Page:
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Calls for regulation in gaming industry as children drain parents' bank accounts

By Barry He | China Daily Global | Updated: 2019-07-23 00:40
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A gamer plays the video game 'Super Mario Odyssey' developed and published by Nintendo on a Nintendo Switch games console during the 'Paris Games Week' on October 31, 2017 in Paris, France. [Photo/VCG]

Earlier this month in the United Kingdom, a father of 3 found that his bank had mysteriously declined all of his payments. Thomas Carter's children were big fans of the game FIFA on the Nintendo Switch, an innocent looking and colorful console, no larger than a tablet phone. Unknowingly to the hapless father, his children had made purchases on the game through the console, racking up a bill of more than 550 pounds ($685) and wiping out the family's bank account. By no means a small sum of money, this amount is comparable to the average monthly price to rent a property in the UK.

The story has since spread, and shocked many parents who view the mysterious activities their children carry out on these gaming consoles with a new form of anxiety. Many video games now demand in-game purchases, designed in a manner that makes them addictively rewarding and allows producers to tap in to parents' credit card details. The concept of your own children being able to wipe out family savings infinitely faster than a burglar could physically break into your home and loot everything, is hard for parents of this generation to take in.

Yet the problem is so widespread across the world that parents such as Thomas Carter should consider themselves lucky. Susie Breare told the BBC: "My son spent 3,160 pounds in one game. He is 22 years old and has cerebral palsy, complex epilepsy, autism and learning difficulties. I have phoned and emailed (the video game company provider BlastworksLtd) several times but have had no response. It is extremely distressing that vulnerable people, such as my son, become victims of what is thought to be an educational game. I have tried tirelessly to recoup his life savings but constantly come up against a brick wall."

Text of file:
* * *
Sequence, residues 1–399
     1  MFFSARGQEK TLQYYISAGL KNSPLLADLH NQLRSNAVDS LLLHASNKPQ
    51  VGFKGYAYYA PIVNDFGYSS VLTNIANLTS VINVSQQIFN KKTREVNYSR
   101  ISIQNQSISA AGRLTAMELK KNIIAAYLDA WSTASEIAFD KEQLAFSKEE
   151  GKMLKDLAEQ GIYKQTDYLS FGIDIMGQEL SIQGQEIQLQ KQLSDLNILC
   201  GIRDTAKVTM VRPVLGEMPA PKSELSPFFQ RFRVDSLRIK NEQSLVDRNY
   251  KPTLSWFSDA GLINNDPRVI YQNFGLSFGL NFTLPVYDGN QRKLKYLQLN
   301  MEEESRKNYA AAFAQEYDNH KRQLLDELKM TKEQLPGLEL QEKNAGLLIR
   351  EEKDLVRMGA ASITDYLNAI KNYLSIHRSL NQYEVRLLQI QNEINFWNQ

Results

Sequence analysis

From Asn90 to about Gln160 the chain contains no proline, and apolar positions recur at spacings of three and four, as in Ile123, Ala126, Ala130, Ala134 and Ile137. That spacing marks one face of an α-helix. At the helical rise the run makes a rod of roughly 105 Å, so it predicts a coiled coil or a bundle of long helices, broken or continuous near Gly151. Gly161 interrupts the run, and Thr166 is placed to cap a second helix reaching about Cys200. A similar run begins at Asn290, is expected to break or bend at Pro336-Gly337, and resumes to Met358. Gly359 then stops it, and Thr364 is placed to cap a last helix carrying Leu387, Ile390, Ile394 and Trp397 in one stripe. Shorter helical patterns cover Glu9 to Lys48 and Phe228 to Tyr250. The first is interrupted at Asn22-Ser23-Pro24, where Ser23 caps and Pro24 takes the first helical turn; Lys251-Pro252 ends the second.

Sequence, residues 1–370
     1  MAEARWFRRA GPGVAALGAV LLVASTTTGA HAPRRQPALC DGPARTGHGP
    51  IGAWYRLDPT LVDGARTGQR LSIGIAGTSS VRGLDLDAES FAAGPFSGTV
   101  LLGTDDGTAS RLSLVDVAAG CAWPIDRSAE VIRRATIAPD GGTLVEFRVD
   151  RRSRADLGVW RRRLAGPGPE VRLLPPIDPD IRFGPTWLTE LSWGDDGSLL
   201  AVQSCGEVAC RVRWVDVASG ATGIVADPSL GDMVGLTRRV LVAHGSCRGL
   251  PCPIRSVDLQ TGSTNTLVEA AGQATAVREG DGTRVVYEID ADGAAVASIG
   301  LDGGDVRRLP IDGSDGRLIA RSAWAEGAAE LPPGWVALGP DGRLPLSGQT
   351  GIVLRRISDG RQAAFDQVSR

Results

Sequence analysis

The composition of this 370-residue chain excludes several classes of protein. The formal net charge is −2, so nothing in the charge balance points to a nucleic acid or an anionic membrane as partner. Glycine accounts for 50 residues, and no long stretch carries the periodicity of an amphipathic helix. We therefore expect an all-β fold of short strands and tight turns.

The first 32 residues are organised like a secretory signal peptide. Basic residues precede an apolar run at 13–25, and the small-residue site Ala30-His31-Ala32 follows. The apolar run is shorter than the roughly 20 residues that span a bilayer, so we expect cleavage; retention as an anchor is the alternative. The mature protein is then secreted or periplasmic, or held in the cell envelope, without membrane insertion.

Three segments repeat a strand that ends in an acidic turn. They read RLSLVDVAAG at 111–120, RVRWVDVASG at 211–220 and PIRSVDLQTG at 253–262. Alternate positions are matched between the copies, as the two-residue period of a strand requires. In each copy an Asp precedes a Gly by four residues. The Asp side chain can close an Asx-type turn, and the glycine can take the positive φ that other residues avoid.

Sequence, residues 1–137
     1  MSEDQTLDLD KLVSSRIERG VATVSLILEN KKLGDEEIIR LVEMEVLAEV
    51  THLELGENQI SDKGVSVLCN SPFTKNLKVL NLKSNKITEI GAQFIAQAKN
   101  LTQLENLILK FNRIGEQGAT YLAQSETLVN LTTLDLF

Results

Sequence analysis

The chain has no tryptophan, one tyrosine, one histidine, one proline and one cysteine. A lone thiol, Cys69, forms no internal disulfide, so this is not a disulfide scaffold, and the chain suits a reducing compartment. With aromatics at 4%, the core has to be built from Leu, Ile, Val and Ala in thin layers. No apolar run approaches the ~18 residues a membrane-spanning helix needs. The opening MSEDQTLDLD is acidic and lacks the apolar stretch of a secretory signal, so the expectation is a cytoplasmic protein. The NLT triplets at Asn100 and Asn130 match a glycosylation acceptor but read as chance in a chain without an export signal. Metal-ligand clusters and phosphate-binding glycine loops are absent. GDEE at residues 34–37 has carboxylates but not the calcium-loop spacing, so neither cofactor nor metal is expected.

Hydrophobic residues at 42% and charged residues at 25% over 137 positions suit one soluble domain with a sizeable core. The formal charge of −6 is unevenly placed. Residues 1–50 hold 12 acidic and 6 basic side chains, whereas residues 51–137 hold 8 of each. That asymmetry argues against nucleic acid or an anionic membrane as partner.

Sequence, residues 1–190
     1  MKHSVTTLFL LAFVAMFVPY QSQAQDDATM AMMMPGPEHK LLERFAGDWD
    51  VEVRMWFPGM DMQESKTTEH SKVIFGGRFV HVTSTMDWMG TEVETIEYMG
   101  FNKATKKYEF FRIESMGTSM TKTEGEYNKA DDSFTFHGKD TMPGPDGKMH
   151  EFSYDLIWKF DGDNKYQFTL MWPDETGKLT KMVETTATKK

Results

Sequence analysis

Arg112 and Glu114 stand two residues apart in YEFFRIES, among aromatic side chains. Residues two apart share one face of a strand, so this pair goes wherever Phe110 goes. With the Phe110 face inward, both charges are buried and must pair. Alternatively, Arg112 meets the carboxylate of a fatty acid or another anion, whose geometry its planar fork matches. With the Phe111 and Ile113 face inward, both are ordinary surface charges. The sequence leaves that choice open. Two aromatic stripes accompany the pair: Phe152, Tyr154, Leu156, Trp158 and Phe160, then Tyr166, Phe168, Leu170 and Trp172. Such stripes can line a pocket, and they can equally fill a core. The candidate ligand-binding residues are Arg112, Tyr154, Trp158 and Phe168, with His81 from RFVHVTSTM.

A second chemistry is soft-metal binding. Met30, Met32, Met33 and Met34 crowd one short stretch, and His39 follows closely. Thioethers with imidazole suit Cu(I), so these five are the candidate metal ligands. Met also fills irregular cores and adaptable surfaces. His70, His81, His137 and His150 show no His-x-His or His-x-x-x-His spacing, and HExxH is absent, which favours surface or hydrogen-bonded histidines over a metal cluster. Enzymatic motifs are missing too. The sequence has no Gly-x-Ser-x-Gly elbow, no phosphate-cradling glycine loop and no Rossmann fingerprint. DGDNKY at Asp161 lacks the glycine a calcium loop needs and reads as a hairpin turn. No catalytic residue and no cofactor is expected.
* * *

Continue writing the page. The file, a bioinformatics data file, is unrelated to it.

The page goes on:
Such horror stories are common across the world. China too is facing an underage gaming epidemic, with many parents across Asia also at risk of unknowingly allowing their children to make in-game payments. This is easily achieved with just a few swipes of a finger as the technology lacks secure parental authentication procedures. Some steps have been taken in the right direction however. Chinese internet technology company NetEase, in partnership with Warcraft creator Blizzard, has developed a Parenting Care Platform which goes some way to monitoring video game activity. Predominantly aimed at reducing a child's screen time, itself a widespread issue in Asia, it allows caregivers to monitor in-app purchases and can ban access to certain games.

Worth $93 billion, the global video game industry dwarfs any other entertainment industry in the world, including film, television and music. The growing trend for these games is to provide them for free, relying on in-app purchases for profit. Shiny graphics and "lootboxes" entice children, though the marketing does not highlight the financial risk. A game suitable for players over the age of 3 years may allow a toddler direct access to the bank of mum and dad, often under their own noses. Even more worryingly, some politicians in the UK have raised concerns that this may encourage gambling like behavior at an early age.

It is therefore vital that both tighter government regulation and more powerful monitoring tools are offered to parents, so that children cannot be responsible for financial disasters, both for their families and potentially even their future selves.

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